So far, only smidgen of Maryland's 3.4 million registered voters cast a ballot ahead of time. That leaves most of the state's voters with an option to show today, on election day next Tuesday or not at all.
The seven candidates — three Democrats and four Republicans — vying for their respective party's nomination crisscrossed the state Wednesday urging supporters to head to the polls early.
Together, the campaigns have knocked on thousands of doors and made even more phone calls trying to convince voters to participate. From metro stops to retirement centers to main streets to neighborhoods, candidates tried to rouse voters to do what, historically, they are not inclined to do: vote.
So far, the results have been unimpressive.
The 90,223 ballots cast as of Tuesday night — the most recent data available — surpassed Maryland's record for early voting, and come as the state dramatically expanded its early voting program. But the ballots still represent less than 3 percent of eligible voters.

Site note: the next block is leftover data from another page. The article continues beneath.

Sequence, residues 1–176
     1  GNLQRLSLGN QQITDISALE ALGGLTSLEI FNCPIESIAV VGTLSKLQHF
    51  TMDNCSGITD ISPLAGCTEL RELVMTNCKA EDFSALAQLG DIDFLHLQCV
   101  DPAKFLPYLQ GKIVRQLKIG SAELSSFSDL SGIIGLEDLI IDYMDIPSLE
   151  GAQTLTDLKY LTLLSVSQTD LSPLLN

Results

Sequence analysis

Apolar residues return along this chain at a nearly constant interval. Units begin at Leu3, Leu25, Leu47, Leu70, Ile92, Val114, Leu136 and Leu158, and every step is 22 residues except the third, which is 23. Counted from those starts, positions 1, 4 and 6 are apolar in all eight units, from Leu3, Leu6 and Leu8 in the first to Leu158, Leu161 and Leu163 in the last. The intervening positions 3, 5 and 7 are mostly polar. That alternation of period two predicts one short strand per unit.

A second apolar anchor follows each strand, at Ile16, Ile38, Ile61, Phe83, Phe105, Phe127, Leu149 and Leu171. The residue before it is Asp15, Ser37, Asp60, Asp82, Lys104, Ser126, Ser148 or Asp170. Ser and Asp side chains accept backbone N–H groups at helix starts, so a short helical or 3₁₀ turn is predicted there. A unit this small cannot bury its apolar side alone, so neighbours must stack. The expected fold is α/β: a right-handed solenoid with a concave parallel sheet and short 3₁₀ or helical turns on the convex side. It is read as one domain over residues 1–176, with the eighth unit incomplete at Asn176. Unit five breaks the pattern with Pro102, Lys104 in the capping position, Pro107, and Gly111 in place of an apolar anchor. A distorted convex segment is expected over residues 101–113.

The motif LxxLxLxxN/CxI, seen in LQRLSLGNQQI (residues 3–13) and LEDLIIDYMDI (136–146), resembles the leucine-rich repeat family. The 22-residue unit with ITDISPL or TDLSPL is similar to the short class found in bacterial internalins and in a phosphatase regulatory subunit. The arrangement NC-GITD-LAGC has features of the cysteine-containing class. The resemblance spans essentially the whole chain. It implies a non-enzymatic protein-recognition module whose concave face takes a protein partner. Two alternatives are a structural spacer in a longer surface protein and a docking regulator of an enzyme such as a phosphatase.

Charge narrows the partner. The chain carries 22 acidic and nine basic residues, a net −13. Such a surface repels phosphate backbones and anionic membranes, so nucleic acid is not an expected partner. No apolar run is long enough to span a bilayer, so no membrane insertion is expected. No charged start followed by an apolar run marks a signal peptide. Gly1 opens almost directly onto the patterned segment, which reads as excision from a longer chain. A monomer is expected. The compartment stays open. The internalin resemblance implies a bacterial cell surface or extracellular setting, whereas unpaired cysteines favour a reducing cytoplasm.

Turnout is typically dismal — 25 percent at most — for primary elections.
Democrats have been campaigning for their party's nomination for more than year, and Republicans have ramped up their campaigns since January.
To vote early, residents must be registered with a political party and cast a ballot in their home jurisdiction.
Don't know where to vote? Click this link to the Board of Elections.
Don't know who is running?
The Baltimore Sun has you covered with in-depth campaign profiles of each major candidate in the governor's and their platforms.
The attorney general's office, General Assembly races, some local city and county races, and congresional races are also on the ballot. Visit The Sun's voter guide for more information.